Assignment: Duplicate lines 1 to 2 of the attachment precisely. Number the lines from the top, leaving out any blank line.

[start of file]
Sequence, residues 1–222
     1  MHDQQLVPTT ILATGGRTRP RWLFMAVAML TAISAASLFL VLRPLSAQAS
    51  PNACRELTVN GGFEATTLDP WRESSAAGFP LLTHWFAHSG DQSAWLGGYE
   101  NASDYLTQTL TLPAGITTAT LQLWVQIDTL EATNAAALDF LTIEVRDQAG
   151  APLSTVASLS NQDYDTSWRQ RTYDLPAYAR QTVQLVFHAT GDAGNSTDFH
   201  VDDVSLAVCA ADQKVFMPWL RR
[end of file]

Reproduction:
Sequence, residues 1–222
     1  MHDQQLVPTT ILATGGRTRP RWLFMAVAML TAISAASLFL VLRPLSAQAS